Rishi Sunak image

Yesterday (3 March), Chancellor Rishi Sunak presented the 2021 Budget to Parliament, outlining the key spending and tax plans to aid in the UK’s economic recovery.

Rishi said that the Budget presents a three-part plan to protect jobs and livelihoods by offering support, fixing finances and building future economy.

The budget follows the UK Government’s recently announced lockdown exit roadmap, as the nation begins to gradually ease restrictions as coronavirus levels continue to fall.

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This year’s budget is set in the context of recovery from the global COVID-19 pandemic, which has seen the UK face unprecedented economic difficulties. For instance, the document outlines figures from the ONS that GDP in the UK for 2020 as a whole fell by 9.9 per cent – the largest annual fall in 300 years.

To help turn around this situation, Rishi said that the 2021 Budget outlines plans to ‘unite and level up’ the UK’s economy.

A number of measures have been included to protect jobs and livelihoods. These include an extension of the Coronavirus Job Support Scheme to September 2021 across the UK, meaning people can continue to take advantage of the vital furlough scheme.

There will also be an extension of the UK-wide Self Employment Income Support scheme to September 2021, with 600,000 more people who filed a tax return in 2019-20 now able to claim for the first time.

There have also been a number of COVID-19 funding measures announced in the budget.

Rishi confirmed an extra £1.65 billion cash injection to ensure the COVID-19 vaccination roll-out in England continues to be a success. Furthermore, the UK Government is investing £28 million to increase the UK’s capacity for vaccine testing, support for clinical trials and improve the UK’s ability to rapidly acquire samples of new variants of COVID-19.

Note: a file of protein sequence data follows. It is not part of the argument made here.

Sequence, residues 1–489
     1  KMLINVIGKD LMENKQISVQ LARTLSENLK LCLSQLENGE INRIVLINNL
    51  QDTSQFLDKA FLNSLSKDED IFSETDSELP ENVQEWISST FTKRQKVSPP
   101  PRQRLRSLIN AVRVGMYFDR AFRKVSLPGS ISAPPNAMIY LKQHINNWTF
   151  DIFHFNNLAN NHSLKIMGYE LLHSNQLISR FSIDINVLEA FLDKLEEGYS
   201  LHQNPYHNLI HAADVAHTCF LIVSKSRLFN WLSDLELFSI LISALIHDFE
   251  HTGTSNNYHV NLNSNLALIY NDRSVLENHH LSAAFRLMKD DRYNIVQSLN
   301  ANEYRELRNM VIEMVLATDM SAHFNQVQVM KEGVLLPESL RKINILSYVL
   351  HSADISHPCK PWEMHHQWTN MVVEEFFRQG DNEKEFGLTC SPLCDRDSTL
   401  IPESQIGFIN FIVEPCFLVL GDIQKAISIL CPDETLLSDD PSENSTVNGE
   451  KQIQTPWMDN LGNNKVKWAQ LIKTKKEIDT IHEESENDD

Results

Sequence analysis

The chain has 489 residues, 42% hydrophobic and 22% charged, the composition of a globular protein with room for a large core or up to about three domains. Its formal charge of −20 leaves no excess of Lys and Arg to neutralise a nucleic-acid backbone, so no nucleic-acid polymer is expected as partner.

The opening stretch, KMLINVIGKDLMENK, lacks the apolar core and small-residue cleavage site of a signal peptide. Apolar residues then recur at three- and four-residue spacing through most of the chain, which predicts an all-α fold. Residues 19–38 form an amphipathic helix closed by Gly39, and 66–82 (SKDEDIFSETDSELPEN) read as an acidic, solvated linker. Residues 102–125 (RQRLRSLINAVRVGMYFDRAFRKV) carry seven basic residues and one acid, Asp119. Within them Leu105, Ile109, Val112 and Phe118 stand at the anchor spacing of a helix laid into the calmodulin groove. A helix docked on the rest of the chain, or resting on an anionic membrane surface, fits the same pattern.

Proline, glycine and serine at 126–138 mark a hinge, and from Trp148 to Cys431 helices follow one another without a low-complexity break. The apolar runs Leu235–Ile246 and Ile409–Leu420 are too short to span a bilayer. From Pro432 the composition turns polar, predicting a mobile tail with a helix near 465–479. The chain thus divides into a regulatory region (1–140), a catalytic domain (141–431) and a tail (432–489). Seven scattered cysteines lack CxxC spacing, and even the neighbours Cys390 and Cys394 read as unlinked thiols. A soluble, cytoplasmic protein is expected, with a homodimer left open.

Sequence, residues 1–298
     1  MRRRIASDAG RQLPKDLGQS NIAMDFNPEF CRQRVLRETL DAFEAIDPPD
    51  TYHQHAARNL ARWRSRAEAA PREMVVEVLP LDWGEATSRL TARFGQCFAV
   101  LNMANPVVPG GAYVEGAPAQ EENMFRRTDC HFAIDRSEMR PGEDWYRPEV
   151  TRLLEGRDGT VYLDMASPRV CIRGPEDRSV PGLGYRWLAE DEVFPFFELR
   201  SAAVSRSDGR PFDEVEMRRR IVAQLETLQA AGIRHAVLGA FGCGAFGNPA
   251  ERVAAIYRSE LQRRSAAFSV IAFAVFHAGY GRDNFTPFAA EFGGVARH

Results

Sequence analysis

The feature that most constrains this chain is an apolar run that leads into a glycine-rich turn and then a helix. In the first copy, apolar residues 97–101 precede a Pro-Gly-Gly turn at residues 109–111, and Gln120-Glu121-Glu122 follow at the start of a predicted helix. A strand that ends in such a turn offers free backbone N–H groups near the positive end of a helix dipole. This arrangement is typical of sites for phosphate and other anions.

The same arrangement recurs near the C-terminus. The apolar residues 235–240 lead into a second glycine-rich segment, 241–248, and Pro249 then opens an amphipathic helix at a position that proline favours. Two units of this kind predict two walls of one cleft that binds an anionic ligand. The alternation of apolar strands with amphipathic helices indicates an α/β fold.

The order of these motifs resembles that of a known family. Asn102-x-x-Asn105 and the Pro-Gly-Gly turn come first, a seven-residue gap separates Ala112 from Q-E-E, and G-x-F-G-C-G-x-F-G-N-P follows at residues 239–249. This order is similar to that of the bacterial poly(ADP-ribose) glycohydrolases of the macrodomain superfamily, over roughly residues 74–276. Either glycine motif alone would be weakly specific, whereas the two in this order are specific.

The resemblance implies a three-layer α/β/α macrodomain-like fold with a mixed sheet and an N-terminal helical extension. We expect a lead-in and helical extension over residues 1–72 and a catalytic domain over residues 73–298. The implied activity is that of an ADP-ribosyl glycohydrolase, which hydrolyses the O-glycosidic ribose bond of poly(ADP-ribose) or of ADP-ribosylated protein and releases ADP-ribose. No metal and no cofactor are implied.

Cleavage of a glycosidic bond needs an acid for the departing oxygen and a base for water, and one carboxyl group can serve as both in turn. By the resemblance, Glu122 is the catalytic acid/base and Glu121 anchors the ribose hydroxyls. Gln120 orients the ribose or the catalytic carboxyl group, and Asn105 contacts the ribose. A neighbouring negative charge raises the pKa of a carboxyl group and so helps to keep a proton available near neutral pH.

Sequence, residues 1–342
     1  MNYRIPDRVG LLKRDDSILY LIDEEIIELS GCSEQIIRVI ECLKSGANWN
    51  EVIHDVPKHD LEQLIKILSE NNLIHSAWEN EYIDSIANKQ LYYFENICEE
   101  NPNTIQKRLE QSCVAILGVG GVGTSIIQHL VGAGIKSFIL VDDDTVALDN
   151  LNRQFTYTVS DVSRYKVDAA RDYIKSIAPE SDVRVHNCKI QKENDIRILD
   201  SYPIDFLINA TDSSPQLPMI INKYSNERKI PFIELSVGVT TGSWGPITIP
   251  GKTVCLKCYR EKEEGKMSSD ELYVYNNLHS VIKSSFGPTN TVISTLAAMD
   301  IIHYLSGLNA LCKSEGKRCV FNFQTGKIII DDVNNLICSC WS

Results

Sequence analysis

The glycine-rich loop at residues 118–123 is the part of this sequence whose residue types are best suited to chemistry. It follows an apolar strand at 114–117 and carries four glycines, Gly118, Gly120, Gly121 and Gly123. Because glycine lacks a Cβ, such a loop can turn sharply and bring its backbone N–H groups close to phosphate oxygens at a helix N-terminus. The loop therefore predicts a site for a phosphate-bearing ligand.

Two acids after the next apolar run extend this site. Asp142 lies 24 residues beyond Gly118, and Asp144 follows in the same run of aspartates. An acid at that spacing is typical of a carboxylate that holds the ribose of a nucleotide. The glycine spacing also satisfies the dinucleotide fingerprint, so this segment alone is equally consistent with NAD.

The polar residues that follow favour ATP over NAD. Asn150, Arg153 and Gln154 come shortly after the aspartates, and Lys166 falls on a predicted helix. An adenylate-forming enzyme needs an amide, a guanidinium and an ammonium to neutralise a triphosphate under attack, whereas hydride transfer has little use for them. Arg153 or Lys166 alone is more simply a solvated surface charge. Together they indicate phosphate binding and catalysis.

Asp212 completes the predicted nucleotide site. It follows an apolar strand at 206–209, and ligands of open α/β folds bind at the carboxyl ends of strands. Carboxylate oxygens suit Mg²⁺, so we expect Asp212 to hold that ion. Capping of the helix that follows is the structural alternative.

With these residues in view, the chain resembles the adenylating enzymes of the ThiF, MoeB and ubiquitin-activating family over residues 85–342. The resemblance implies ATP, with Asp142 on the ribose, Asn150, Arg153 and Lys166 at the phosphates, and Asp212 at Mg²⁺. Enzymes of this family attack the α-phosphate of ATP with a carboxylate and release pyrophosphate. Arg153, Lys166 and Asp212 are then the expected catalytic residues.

An additional £22 million for a world-leading study to test the effectiveness of combinations of different COVID-19 vaccines was also unveiled. This will also fund the world’s first study assessing the effectiveness of a third dose of vaccine to improve the response against current and future variants of COVID-19.

Businesses with profits of £50,000 or less, will continue to be taxed at 19 per cent. However, a taper above £50,000 will be introduced in 2023 so that only businesses with profits greater than £250,000 will be taxed at the full 25 per cent rate.

Approximately 750,000 eligible businesses in the retail, hospitality and leisure sectors in England will benefit from business rates relief. There will be an extension of the apprenticeship hiring incentive in England to September 2021 and an increase of payment to £3,000.

A new “flexi-job” apprenticeship programme in England worth £7 million will enable apprentices to work with a number of employers in one sector. In addition, £126 million will be made available for 40,000 more traineeships in England, funding high quality work placements and training for 16–24-year-olds in 2021/22 academic year.

Additionally, small and medium-sized employers in the UK will continue to be able to reclaim up to two weeks of eligible Statutory Sick Pay (SSP) costs per employee from the UK Government. To further support the cashflow of businesses, the government is extending the loss carry back rules worth up to £760,000 per company.

However, there was no funding mentioned for social care or disabled people, which goes against ADASS’ recent call for the 2021 Budget to put meeting the needs of older and disabled people, carers, and families at the heart of the UK’s economic recovery.

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